In this era of selfies and emojis, it’s no surprise that, in a recent article, veteran elementary/middle school teacher Chrissy Romano-Arrabito says that picting–using images in place of text to convey thoughts and ideas–“is becoming the norm among today’s digital-first students.” And that, she posits, might just be a new literacy
With no mention of the ongoing decline in reading and writing skills, she continues with such facts as:
- Snapshot allows its more than 173 million daily users capture video and pictures that vanish in a few seconds.
- Social networking Instagram enjoys more than 400 million daily users all with the ability to share both photos and videos.
- YouTube boasts over 5 billion videos.
- 75% of tweens & teens engage in social media like those above, Facebook and Twitter, too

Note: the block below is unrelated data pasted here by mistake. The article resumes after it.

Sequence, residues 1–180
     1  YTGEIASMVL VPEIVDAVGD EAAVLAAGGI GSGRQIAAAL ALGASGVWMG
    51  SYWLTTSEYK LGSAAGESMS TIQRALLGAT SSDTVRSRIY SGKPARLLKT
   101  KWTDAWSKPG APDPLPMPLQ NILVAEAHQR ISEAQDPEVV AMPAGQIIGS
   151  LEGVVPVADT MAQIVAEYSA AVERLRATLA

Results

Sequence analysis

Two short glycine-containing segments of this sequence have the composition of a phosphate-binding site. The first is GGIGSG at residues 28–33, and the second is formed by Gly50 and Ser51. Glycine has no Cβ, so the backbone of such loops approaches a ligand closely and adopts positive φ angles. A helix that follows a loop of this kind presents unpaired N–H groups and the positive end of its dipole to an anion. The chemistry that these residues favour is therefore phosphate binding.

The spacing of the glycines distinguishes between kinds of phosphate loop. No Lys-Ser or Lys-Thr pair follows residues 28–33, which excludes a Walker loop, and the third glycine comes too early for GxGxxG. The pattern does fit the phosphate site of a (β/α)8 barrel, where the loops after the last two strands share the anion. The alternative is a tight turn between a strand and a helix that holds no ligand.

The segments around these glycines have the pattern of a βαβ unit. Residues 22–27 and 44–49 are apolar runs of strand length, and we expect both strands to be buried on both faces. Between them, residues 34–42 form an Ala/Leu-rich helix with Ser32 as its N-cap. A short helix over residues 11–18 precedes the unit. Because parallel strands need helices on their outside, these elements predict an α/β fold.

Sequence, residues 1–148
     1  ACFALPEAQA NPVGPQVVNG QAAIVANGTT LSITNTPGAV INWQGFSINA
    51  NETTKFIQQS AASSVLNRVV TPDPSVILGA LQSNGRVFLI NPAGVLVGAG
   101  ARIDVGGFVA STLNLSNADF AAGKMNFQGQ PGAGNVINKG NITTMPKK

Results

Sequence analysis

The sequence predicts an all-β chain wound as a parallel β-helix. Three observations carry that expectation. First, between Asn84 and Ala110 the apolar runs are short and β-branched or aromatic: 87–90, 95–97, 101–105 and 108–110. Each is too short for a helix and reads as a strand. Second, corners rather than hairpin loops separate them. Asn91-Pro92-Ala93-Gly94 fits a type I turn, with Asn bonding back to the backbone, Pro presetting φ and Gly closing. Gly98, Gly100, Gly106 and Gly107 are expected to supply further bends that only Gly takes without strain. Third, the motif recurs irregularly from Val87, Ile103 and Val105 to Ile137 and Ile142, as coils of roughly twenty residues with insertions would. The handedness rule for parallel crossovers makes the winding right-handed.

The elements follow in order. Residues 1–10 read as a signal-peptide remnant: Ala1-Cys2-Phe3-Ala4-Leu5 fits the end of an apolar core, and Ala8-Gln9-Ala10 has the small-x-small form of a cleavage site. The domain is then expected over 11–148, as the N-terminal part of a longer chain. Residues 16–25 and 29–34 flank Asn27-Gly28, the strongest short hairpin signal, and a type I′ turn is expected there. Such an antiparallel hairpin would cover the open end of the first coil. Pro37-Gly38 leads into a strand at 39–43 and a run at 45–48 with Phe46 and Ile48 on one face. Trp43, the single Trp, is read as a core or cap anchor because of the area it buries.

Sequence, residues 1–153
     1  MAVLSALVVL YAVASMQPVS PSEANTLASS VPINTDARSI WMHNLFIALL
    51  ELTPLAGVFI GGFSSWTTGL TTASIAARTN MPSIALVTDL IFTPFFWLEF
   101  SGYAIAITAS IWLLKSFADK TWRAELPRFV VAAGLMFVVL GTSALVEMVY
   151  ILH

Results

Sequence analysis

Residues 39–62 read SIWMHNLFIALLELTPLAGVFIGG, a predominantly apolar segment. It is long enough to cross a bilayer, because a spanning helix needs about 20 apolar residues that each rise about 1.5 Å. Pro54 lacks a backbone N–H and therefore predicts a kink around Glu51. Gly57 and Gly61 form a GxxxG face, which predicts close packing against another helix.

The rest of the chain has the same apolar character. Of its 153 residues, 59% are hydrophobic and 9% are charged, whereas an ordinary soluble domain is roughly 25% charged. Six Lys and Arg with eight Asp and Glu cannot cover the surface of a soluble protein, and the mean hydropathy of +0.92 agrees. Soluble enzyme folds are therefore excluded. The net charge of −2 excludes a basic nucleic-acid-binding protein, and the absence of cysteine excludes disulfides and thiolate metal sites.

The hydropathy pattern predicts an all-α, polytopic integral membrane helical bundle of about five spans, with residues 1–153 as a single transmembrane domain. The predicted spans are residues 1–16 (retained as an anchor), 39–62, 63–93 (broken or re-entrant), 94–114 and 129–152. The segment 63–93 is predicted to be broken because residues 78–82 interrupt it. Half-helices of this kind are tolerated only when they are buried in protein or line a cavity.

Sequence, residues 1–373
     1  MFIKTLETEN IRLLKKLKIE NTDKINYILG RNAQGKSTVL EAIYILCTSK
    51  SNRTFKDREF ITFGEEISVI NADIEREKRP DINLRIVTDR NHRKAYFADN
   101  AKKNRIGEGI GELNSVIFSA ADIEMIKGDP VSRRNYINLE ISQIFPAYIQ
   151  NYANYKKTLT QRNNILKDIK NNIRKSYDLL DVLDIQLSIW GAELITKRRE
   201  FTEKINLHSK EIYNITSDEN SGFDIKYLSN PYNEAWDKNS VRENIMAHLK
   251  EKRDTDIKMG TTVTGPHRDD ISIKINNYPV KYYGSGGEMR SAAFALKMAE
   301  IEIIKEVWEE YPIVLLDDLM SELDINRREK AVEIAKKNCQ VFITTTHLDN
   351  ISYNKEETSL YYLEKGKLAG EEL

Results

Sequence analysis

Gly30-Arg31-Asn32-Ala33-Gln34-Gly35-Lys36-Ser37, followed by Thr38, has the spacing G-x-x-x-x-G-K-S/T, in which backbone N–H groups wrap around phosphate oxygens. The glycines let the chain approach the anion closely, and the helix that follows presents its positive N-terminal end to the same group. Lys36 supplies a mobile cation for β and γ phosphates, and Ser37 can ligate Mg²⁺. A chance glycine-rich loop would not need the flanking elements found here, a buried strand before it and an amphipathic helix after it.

Meanwhile, though 90% of classroom time remains text-based, 90% of non-school time is spent with image-based materials via such sites as those above.
The result: The National Center for Education Statistics finds that SAT mean scores in writing dropped from 497 to 484 between 2006 and 20015. It reports a similar drop in reading scores, concluding that the trend is likely to continue.
A majority of teachers blame social media.
Nevertheless, Romano-Arrabito evidently approves of this new form of literacy and offers up four ways to use social media tools, complete with four picting apps “that will give your students ownership of their learning, share your classroom culture, and make your classroom more engaging.”
The bottom line, says EdSurge’s Kayla Delzer: “Social media is happening–with or without you. If teachers do not incorporate the tools students rely on outside of school into the classroom, students will find the work they do in school increasingly disconnected and irrelevant to their lives.”
But that begs the question: How about the disconnect they’ll experience when they go to write a grammatically correct, well-organized essay, business letter, email, assignment, application, etc., online or otherwise?